To a question on whether there is any plan to print currency to tide over the crisis, the Finance Minister said, “No Sir”.
Many economists and experts have suggested to the government to print more currency notes to tide over the difficult economic situation with a view to support the economy ravaged by the spread of COVID-19, and protect jobs.
In economic parlance, printing of money is called monetisation of the deficit. In other words, monetisation of the deficit happens when the Reserve Bank of India (RBI) buys government securities directly from the primary market to fund the government’s expenses.
India’s real Gross Domestic Product (GDP) is estimated to have contracted by 7.3 per cent during 2020-21, Sitharaman said in a written reply to Lok Sabha.
This contraction reflects the unparalleled effect of the pandemic and the containment measures that were taken to control the pandemic, she said.
“The fundamentals of the economy remain strong as gradual scaling back of lockdowns, along with the astute support of Atmanirbhar Bharat Mission has placed the economy firmly on the path of recovery from the second half of FY 2020-21,” she said.
The government had announced a special economic and comprehensive package of Rs 29.87 lakh crore under AtmaNirbhar Bharat (ANB) to combat the impact of the pandemic, to revive economic growth and to bolster employment during 2020-21, she said.
The Union Budget 2021-22 announced a number of measures to support broad-based and inclusive economic development including a 34.5 per cent increase in capital expenditure and 137 per cent increase in health expenditure, she said, adding, the government announced a relief package of Rs 6.29 lakh crore in June 2021, to strengthen public health and provide impetus for growth and employment measures.
Replying to another question, Sitharaman said, the impact of the second COVID-19 wave is expected to be muted given localised containment measures and rapid upscaling of the vaccination drive.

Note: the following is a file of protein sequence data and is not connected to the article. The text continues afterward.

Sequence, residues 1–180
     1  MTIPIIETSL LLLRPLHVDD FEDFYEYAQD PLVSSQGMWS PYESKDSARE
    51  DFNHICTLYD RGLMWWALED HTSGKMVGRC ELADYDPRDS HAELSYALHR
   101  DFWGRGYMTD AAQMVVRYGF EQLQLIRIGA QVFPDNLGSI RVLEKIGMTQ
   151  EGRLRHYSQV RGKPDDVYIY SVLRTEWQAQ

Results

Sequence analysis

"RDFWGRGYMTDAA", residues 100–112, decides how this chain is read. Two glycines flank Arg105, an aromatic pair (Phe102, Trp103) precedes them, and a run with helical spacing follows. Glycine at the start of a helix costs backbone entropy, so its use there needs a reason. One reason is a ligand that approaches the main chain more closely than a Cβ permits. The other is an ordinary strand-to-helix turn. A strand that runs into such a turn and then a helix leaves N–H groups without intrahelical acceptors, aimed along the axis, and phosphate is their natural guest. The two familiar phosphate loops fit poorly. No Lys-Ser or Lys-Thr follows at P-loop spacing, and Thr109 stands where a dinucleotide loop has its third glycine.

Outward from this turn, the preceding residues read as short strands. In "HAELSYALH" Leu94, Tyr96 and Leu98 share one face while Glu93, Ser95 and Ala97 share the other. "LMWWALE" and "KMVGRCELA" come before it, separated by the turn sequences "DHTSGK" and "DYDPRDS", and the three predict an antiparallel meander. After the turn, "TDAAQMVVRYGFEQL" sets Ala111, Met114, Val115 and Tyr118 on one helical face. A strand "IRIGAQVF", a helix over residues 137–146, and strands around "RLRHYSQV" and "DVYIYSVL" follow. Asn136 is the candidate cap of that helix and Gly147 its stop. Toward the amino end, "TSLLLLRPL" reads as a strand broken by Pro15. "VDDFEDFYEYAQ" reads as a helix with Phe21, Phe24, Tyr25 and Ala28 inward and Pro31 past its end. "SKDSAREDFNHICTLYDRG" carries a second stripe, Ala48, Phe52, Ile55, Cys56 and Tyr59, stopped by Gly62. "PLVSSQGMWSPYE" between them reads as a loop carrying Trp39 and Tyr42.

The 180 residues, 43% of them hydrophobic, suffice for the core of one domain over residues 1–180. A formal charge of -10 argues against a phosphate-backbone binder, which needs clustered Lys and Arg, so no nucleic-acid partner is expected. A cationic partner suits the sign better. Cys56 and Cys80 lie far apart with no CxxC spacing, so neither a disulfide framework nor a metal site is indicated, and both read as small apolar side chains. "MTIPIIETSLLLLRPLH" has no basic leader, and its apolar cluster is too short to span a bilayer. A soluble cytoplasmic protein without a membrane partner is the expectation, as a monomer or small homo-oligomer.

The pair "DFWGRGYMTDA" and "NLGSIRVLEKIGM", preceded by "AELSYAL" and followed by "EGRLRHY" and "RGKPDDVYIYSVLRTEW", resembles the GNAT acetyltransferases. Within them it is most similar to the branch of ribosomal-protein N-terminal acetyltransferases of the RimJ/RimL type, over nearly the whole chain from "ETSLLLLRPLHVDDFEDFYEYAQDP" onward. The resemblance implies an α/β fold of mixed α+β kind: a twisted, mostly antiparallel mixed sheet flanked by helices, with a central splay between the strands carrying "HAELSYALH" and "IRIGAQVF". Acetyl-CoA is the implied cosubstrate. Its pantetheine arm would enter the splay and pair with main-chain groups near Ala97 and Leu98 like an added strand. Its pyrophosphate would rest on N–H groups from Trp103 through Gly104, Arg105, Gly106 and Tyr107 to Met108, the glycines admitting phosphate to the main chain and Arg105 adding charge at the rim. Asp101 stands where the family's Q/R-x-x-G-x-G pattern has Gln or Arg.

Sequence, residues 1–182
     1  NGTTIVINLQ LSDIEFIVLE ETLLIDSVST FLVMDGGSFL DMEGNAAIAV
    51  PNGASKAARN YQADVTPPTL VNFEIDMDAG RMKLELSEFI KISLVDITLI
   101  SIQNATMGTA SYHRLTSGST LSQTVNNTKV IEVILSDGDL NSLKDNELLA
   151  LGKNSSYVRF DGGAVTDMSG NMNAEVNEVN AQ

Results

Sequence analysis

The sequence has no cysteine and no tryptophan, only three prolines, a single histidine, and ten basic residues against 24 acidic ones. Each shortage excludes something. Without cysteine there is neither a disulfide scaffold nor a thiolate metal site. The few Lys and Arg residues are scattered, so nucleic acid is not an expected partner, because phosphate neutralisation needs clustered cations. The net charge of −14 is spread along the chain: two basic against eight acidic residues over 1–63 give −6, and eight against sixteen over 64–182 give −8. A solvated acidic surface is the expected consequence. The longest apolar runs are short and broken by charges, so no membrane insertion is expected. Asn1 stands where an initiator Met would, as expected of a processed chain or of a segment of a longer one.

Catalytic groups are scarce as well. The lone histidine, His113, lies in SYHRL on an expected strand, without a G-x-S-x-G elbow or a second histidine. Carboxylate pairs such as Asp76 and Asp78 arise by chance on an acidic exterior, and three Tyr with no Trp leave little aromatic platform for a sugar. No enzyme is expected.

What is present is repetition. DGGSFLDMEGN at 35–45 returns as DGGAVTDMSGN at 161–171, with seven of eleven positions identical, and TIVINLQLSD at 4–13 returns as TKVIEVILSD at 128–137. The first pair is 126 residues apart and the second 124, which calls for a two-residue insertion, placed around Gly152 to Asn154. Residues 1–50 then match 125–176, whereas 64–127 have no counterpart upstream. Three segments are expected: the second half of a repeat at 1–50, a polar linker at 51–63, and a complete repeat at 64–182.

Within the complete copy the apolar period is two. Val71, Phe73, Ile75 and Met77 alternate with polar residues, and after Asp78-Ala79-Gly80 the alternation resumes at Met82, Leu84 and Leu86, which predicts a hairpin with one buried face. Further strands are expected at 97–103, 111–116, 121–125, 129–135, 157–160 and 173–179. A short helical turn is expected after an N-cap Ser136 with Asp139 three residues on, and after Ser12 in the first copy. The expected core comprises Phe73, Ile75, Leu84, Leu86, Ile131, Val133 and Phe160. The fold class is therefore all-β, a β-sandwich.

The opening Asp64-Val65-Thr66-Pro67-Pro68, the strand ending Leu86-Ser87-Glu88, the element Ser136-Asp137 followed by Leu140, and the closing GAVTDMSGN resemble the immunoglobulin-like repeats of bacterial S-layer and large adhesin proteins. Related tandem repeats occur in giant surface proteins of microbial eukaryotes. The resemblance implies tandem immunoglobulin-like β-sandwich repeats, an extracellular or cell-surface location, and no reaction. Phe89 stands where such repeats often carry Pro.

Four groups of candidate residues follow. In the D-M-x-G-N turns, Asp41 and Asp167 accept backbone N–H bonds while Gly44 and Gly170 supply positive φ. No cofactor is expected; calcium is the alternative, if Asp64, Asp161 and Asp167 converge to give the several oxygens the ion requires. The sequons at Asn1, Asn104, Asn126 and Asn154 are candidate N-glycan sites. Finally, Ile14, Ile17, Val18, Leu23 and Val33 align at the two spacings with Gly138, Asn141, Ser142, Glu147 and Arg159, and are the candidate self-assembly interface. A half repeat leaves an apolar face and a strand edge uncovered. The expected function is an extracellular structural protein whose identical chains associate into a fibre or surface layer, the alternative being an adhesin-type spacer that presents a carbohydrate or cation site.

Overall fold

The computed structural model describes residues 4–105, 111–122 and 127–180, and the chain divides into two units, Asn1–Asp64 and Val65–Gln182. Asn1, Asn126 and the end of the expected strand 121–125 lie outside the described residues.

The Union Budget 2021-22, estimates India’s nominal GDP growth at 14.4 per cent during the current financial year ending March 2022.
The RBI, in its latest Monetary Policy Committee (MPC) resolution of June 4, 2021, has projected India’s real GDP to grow at 9.5 per cent in 2021-22, after accounting for the impact of the second wave as compared to its earlier projection of 10.5 per cent, she said.
In reply to another question, the Finance Minister said the RBI has announced Special three-year Long-Term Repo Operations (SLTRO) of Rs 10,000 crore at repo rate for the Small Finance Banks (SFBs), to be deployed for fresh lending of up to Rs 10 lakh per borrower to provide further support to small business units, micro and small industries, and other unorganised sector entities adversely affected during the current wave of the pandemic.
The first auction under the SLTRO was conducted on May 17, 2021, she said, adding, the unutilised portion of notified Rs 10,000 crore is being carried forward in each subsequent auction, until fully utilised or till the last auction to be conducted in October 2021, whichever is earlier.
Three auctions under this scheme have been conducted so far, and SFBs have availed a total amount of Rs 1,640 crore under the scheme, she added.